The Women of Change Safe Haven shelter, located at 2042 Arch Street, received a fresh look, integrated storage and improved privacy thanks to a group of 14 ambitious architecture students at Philadelphia University.
Now graduates, the students gathered this past weekend to begin installations of a new sleeping dorm, community room and medical area. These “Design X Socio-Political Studio” classmates began their design-build project for the shelter back in January after receiving a request from Project H.O.M.E., which serves the chronically homeless.
The project got its wings through Project H.O.M.E. as well as a Phila U. Nexus Learning Grant, which seeks to cross active, collaborative, real-world learning with education.
Justine Tarrant, a member of the class and now intern-carpenter, says the experience gave the class access to a real-world project.
“We’ve been there from the start,” said Tarrant. “The project allowed us to work with an actual client and budget and really let us use our creativity. We met with Project H.O.M.E. to collaborate and came up with functional solutions that fit their needs.”
David Kratzer, associate professor of architecture at Phila U., says Project H.O.M.E. wanted to focus on the needs of the 25 residents who are both chronically homeless and seriously mentally ill.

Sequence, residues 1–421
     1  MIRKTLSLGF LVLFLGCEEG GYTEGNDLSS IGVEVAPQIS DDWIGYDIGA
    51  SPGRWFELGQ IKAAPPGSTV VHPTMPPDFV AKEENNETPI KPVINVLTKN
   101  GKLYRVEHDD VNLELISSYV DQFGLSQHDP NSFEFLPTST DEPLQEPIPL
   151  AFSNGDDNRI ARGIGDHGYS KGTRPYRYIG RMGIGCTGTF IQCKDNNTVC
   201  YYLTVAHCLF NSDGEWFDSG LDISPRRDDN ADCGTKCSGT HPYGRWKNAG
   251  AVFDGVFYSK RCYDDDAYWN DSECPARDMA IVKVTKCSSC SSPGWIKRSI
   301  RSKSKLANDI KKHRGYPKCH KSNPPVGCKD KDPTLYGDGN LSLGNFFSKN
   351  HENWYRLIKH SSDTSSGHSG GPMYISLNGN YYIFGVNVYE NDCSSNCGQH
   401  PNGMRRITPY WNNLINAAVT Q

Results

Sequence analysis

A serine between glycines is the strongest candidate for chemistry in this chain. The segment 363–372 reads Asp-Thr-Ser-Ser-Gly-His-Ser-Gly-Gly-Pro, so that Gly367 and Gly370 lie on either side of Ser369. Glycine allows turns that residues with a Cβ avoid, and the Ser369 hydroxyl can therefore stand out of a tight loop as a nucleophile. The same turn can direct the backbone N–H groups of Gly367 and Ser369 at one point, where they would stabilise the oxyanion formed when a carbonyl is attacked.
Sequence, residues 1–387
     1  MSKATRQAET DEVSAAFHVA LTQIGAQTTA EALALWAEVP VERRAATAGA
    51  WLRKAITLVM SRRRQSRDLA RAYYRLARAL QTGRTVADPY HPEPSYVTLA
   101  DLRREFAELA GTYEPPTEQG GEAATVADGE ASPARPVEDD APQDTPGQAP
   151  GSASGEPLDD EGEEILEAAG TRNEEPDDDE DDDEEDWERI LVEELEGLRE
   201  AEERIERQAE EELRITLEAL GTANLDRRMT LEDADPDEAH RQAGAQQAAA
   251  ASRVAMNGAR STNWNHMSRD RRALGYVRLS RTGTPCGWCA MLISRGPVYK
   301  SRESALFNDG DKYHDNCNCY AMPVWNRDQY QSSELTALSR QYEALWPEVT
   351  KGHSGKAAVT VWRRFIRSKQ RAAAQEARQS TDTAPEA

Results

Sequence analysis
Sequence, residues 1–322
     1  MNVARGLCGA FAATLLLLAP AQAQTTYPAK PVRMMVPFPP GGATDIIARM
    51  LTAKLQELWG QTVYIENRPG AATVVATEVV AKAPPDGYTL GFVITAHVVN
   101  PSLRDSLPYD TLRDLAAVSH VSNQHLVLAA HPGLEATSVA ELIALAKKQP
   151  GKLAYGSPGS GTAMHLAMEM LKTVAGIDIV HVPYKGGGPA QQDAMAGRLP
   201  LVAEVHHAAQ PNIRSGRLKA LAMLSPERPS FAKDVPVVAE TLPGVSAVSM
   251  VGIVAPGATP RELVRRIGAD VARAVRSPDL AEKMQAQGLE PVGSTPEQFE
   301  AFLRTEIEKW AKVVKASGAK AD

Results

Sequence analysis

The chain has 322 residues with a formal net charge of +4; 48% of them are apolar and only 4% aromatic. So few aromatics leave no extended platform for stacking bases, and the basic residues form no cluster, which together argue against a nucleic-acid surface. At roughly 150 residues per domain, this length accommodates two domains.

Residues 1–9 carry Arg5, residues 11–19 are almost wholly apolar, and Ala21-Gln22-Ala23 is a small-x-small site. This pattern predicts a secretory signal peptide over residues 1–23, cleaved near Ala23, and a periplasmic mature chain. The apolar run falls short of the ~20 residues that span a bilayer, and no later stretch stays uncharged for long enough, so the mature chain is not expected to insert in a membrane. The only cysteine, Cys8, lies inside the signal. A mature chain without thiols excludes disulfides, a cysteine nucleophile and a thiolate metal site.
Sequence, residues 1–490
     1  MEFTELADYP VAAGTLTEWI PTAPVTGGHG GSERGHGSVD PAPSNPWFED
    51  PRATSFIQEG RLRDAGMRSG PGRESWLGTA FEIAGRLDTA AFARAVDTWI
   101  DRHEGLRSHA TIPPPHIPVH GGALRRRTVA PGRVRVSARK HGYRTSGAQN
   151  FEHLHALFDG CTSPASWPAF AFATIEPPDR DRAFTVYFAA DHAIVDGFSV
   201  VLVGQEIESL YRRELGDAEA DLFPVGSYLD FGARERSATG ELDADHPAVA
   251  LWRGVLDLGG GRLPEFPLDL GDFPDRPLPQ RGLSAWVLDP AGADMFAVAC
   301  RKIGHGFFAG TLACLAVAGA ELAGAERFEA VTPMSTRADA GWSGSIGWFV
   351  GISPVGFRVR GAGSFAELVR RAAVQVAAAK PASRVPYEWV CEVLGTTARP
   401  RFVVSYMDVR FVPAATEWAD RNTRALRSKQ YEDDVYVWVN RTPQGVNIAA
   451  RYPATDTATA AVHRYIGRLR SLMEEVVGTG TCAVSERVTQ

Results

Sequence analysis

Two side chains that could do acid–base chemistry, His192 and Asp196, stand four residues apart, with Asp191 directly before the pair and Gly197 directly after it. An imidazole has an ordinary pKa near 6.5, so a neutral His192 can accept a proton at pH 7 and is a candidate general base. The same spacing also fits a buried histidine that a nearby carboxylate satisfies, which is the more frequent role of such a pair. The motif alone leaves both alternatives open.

“This project has many layers,” explained Kratzer. “We had to address both storage and safety necessities for the residents and ultimately come up with a prototype that would offer real solutions.”
One of those solutions is displayed in the “transitional living booths,” which gives residents separate, private space while still allowing staff to monitor them. Kratzer says the booths are durable, hygienic and feature storage for personal belongings.
The community area features moveable furniture and screens that can be repositioned during code blue situations and the medical room includes a newly designed multi-use exam table, which can be folded for space efficiency.
Tarrant says one of her favorite aspects of the design is the “whip walls,” which feature curved corner shelving covered with a semi-translucent plastic material that allows for both privacy and safety.
With final installations taking place in the coming weeks, Tarrant says seeing the project come together has been inspiring.
“When we designed it, we looked at everything, we really thought about how the women would feel living in the space,” said Tarrant. “It’s rewarding to know that we are helping the women who live in the shelter and that our work matters.”